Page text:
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This eBook from the Gutenberg Project consists of approximately 469 pages of information about Emma.

“Depend upon it, Emma, a sensible man would find no difficulty in it.  He would feel himself in the right; and the declaration—­made, of course, as a man of sense would make it, in a proper manner—­ would do him more good, raise him higher, fix his interest stronger with the people he depended on, than all that a line of shifts and expedients can ever do.  Respect would be added to affection.  They would feel that they could trust him; that the nephew who had done rightly by his father, would do rightly by them; for they know, as well as he does, as well as all the world must know, that he ought to pay this visit to his father; and while meanly exerting their power to delay it, are in their hearts not thinking the better of him for submitting to their whims.  Respect for right conduct is felt by every body.  If he would act in this sort of manner, on principle, consistently, regularly, their little minds would bend to his.”

“I rather doubt that.  You are very fond of bending little minds; but where little minds belong to rich people in authority, I think they have a knack of swelling out, till they are quite as unmanageable as great ones.  I can imagine, that if you, as you are, Mr. Knightley, were to be transported and placed all at once in Mr. Frank Churchill’s situation, you would be able to say and do just what you have been recommending for him; and it might have a very good effect.  The Churchills might not have a word to say in return; but then, you would have no habits of early obedience and long observance to break through.  To him who has, it might not be so easy to burst forth at once into perfect independence, and set all their claims on his gratitude and regard at nought.  He may have as strong a sense of what would be right, as you can have, without being so equal, under particular circumstances, to act up to it.”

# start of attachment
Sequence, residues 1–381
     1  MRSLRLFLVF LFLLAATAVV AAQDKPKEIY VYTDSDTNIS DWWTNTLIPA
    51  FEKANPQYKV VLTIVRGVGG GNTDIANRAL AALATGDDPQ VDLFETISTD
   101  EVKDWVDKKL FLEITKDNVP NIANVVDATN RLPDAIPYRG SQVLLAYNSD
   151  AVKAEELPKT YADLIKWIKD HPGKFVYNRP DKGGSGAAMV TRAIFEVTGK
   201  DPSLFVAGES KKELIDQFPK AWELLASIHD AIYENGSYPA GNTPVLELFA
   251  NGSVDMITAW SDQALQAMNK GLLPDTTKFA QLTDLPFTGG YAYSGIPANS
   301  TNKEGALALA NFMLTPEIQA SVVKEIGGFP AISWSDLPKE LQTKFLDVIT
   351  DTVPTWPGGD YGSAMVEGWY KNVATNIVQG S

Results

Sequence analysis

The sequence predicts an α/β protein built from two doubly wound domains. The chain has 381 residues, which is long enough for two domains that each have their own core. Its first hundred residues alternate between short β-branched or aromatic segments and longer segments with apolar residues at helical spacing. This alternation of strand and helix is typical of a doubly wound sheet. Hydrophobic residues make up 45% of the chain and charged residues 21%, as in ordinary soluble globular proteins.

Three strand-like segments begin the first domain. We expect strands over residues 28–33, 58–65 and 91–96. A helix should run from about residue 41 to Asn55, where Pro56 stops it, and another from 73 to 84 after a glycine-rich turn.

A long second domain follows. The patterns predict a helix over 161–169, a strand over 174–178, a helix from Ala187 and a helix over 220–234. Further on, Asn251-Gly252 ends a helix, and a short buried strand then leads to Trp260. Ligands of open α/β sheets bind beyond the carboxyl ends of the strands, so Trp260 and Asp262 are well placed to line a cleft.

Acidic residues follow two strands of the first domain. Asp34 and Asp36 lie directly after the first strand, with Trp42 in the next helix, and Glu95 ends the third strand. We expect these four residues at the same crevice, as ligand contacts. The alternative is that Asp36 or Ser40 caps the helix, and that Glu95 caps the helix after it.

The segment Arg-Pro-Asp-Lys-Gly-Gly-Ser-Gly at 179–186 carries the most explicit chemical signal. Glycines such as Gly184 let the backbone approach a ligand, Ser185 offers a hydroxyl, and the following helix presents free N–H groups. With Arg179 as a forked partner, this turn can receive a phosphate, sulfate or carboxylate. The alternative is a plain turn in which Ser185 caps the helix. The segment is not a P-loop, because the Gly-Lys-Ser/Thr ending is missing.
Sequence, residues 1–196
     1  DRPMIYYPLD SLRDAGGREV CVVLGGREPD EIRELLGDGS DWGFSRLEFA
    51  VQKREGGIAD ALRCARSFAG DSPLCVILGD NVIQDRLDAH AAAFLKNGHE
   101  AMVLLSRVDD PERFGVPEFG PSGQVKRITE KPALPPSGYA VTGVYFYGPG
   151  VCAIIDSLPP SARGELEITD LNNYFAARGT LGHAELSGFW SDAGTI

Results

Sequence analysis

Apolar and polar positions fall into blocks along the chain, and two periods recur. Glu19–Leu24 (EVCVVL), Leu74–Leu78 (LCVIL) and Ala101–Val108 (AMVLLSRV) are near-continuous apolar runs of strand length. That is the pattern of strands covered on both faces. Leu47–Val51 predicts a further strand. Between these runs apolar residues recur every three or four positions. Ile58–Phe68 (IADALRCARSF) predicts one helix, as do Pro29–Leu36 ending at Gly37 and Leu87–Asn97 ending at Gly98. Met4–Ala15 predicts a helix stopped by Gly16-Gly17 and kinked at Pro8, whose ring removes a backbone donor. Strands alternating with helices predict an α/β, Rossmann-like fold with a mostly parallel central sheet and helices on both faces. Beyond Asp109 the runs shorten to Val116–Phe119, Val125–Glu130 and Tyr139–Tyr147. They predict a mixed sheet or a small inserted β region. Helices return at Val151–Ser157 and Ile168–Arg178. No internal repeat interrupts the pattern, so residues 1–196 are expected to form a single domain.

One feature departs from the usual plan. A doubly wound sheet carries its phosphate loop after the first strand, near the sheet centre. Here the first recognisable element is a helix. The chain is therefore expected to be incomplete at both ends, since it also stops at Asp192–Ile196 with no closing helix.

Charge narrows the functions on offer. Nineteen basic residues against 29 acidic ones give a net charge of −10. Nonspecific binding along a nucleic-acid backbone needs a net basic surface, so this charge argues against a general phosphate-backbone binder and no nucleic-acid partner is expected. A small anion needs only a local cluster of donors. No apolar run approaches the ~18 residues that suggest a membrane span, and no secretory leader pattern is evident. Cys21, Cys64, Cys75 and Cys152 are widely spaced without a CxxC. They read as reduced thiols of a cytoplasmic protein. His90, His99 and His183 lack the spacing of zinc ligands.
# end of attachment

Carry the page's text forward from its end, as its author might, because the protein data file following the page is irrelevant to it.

“Then it would not be so strong a sense.  If it failed to produce equal exertion, it could not be an equal conviction.”

“Oh, the difference of situation and habit!  I wish you would try to understand what an amiable young man may be likely to feel in directly opposing those, whom as child and boy he has been looking up to all his life.”

“Our amiable young man is a very weak young man, if this be the first occasion of his carrying through a resolution to do right against the will of others.  It ought to have been a habit with him by this time, of following his duty, instead of consulting expediency.  I can allow for the fears of the child, but not of the man.  As he became rational, he ought to have roused himself and shaken off all that was unworthy in their authority.  He ought to have opposed the first attempt on their side to make him slight his father.  Had he begun as he ought, there would have been no difficulty now.”

“We shall never agree about him,” cried Emma; “but that is nothing extraordinary.  I have not the least idea of his being a weak young man:  I feel sure that he is not.  Mr. Weston would not be blind to folly, though in his own son; but he is very likely to have a more yielding, complying, mild disposition than would suit your notions of man’s perfection.  I dare say he has; and though it may cut him off from some advantages, it will secure him many others.”

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